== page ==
UK Company Makes First Hydrogen-Based EV Charger

Electric Vehicle Charging

An English company claims to have developed the world’s first electric vehicle charging station powered by hydrogen fuel cells.

Typically, electric vehicle chargers draw electricity from the general power grid, which depends on fossil fuels. However, AFC Energy, based just outside London, says its new charger, called the “CH2ARGE,” works entirely independent of the power grid and emits no carbon.

AFC Energy tested its new charging station at Dunsfold Aerodrome, where the popular TV show Top Gear has a test track. At the showcase, a BMW i8 became the first car ever to be recharged using electricity generated by a hydrogen fuel cell.

By generating its own electricity through hydrogen fuel cells, the CH2ARGE could solve a looming obstacle to the proliferation of electric vehicle charging station’s in England. Traditional charging stations need central generation and an extensive network of them would require a massive reworking of England’s power grid.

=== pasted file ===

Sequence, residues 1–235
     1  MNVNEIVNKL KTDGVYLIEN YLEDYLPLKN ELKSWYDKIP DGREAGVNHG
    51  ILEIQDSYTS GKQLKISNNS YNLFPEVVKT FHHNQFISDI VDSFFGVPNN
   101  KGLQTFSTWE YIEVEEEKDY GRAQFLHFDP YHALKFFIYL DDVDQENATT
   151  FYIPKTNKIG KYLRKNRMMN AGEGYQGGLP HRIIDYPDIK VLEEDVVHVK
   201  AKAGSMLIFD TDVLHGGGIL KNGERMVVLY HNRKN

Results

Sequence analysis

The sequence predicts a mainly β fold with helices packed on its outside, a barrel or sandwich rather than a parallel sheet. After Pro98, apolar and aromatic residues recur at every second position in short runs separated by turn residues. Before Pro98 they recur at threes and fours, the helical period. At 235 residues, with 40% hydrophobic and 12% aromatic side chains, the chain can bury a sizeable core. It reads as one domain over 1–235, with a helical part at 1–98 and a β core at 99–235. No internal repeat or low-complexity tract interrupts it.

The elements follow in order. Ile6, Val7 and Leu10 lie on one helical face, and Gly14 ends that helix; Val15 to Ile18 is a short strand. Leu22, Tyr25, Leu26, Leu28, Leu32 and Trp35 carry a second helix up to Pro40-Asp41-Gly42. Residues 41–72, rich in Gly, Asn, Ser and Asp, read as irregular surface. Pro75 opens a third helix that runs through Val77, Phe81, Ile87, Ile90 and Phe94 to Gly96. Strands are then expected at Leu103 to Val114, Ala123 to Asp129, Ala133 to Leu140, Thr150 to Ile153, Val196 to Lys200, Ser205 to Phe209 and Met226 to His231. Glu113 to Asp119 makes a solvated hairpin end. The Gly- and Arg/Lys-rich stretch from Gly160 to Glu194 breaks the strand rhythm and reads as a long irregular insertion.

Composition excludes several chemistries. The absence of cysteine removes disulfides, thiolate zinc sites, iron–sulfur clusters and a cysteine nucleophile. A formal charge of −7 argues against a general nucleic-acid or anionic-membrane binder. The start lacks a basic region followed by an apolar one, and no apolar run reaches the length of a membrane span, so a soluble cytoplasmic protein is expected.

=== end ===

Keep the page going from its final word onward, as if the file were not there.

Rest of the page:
“[W]e need charging stations to be embedded throughout the country [of England],” said AFC Energy’s CEO Adam Bond, “as well as seeking innovative solutions to overcome the severe limitations of centrally generated electricity.”

Hydrogen fuel cell technology isn’t without its detractors, however. Some say building the infrastructure needed to produce enough hydrogen gas for a widespread implementation of such charging stations could be expensive and impractical.

Regardless, charging stations — whether traditional or hydrogen-based — are coming into higher and higher demand as electric vehicles market grows. In July 2018, the UK government  introduced its ambitious “Road to Zero” strategy, in which it said 50 percent of new cars sold will be EVs by 2030 and 100 percent by 2040.

In the U.S., an estimated 360,000 electric vehicles were sold last year according to Inside EVs, an 81 percent increase over the previous year. EV’s currently constitute just over 2 percent of the US auto market.

Photo from

+ posts



Subscribe to get the latest consumer news

More consumer News